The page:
Louis Berger wins pacts for work at Gettysburg battlefield

By Eric Strauss
Morristown | Jul 20, 2018 at 10:13 am

Morristown-based professional services company Louis Berger has won two contracts to support the improvement of historic sites at the Gettysburg National Military Park in Pennsylvania, it announced recently.

Louis Berger will work in support of improvements to the famed Little Round Top and Big Round Top locations, continuing its history of work for the National Park Service.

“Louis Berger recognizes its duty to ensure these sites remain cultural touchstones of American history long into the future,” Dana Otto, Louis Berger’s client manager for NPS, said in a prepared statement. “We take that responsibility very seriously.”

Little Round Top was a key point in the Union’s defensive line at Gettysburg, representing the left flank of the Army of the Potomac. The Confederate Army of Northern Virginia attacked the flank on the second day of the three-day battle, but Union soldiers held their ground. The bayonet charge of the 20th Maine was immortalized in the award-winning novel “The Killer Angels” and the movie made from it, “Gettysburg.”

Louis Berger will serve as a subcontractor to DHM Design on a project designed to improve infrastructure for the many pedestrians and vehicles that visit Little Round Top, straining the current systems and jeopardizing the historic landscape.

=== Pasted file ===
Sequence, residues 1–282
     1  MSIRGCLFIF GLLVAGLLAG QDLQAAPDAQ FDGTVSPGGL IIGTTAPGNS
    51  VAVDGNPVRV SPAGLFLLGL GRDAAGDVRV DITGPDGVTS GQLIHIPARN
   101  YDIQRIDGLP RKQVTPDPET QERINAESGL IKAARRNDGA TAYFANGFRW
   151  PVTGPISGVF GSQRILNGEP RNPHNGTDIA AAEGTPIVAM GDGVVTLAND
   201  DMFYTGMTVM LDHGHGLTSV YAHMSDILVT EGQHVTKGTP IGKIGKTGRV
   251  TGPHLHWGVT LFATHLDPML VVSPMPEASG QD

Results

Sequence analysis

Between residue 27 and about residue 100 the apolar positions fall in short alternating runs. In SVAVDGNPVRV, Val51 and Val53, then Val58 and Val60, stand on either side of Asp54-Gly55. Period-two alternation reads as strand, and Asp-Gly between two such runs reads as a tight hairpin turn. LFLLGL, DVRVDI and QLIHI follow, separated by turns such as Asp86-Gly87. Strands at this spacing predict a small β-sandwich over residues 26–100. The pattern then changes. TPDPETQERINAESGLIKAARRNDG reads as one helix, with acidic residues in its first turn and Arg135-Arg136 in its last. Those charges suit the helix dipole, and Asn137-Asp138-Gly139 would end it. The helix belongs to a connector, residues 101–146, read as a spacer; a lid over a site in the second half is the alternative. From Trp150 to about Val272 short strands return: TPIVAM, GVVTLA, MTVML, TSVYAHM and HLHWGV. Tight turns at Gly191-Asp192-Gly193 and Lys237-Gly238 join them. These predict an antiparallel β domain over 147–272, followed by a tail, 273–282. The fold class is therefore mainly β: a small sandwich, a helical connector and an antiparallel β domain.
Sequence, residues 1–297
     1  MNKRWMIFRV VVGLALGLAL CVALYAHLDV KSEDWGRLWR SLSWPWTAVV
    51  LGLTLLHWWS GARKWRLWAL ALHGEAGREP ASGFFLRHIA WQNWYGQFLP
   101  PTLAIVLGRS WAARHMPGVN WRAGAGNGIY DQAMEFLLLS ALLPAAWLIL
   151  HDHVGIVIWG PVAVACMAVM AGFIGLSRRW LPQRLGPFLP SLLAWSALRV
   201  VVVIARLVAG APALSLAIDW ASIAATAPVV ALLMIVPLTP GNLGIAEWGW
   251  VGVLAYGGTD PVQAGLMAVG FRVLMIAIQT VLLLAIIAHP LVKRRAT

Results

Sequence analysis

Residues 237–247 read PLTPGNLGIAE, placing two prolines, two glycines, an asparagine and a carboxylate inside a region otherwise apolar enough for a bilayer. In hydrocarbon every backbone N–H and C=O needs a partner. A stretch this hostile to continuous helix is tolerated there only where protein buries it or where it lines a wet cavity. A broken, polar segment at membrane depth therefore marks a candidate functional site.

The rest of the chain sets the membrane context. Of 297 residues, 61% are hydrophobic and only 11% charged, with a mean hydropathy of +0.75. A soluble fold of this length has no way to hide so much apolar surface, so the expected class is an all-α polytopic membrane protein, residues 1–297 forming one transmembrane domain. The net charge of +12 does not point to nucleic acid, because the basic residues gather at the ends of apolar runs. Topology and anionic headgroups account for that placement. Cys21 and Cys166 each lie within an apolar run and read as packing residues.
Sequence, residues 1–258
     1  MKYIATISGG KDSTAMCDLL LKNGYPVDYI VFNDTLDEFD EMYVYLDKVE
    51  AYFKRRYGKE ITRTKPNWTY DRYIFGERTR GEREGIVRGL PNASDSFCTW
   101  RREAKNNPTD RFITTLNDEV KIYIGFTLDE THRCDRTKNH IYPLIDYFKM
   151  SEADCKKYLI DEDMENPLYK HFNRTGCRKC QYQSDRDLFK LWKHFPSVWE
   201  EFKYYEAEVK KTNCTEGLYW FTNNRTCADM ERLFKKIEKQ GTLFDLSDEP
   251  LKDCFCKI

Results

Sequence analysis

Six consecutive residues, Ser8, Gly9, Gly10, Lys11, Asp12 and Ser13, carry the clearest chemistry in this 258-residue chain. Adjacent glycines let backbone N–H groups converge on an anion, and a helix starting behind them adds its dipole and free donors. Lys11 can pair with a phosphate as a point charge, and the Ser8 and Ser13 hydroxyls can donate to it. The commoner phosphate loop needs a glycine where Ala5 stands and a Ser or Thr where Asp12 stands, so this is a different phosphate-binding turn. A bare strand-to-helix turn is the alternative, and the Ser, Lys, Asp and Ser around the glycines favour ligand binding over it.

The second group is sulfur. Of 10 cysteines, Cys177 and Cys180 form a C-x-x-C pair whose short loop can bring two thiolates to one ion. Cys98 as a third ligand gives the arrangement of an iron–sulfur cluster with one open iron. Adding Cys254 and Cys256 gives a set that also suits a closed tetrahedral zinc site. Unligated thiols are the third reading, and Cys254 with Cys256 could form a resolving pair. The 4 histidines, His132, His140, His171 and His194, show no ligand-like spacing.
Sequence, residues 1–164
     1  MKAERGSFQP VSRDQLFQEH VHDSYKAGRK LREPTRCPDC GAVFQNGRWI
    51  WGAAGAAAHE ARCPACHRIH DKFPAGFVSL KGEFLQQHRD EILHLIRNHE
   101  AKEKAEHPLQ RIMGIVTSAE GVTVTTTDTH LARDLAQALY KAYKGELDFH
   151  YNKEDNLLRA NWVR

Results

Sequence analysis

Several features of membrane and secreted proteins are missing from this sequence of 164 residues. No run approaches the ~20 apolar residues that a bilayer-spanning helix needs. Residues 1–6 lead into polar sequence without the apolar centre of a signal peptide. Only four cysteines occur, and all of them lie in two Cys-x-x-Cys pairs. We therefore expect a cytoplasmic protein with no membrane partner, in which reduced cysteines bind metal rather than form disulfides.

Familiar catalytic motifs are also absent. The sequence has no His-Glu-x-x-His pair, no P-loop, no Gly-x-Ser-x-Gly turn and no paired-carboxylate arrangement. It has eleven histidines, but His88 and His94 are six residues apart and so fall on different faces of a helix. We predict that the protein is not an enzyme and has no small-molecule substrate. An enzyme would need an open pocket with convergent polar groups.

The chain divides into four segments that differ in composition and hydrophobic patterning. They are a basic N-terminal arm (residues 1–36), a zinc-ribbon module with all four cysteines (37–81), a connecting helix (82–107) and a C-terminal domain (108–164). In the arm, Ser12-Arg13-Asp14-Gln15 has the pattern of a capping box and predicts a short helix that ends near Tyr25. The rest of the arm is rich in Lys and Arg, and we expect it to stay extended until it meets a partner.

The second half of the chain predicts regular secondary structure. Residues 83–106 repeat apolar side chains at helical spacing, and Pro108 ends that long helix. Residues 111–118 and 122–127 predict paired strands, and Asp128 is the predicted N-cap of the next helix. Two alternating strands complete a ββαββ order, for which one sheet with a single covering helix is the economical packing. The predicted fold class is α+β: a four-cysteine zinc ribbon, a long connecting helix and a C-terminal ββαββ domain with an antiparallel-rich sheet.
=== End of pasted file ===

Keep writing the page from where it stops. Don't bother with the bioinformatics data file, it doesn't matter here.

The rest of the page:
The company’s work will include site civil engineering support, traffic and transportation planning and environmental permitting guidance.

At nearby Big Round Top, the highest point on the battlefield, Louis Berger will provide expert archeological consultation and insight to designers, led by Einhorn Yaffee Prescott Architecture and Engineering, who are designing new walking trails, utility lines and roadways through the historic site.

“This is a great opportunity to work in a deeply historic and consequential place, with a terrific client and partners,” Kenneth Breitkreuz, project manager, said in a statement. “We are making history more accessible, while respecting and protecting the site.”

Eric Strauss | estrauss@roi-nj.com | acerimrat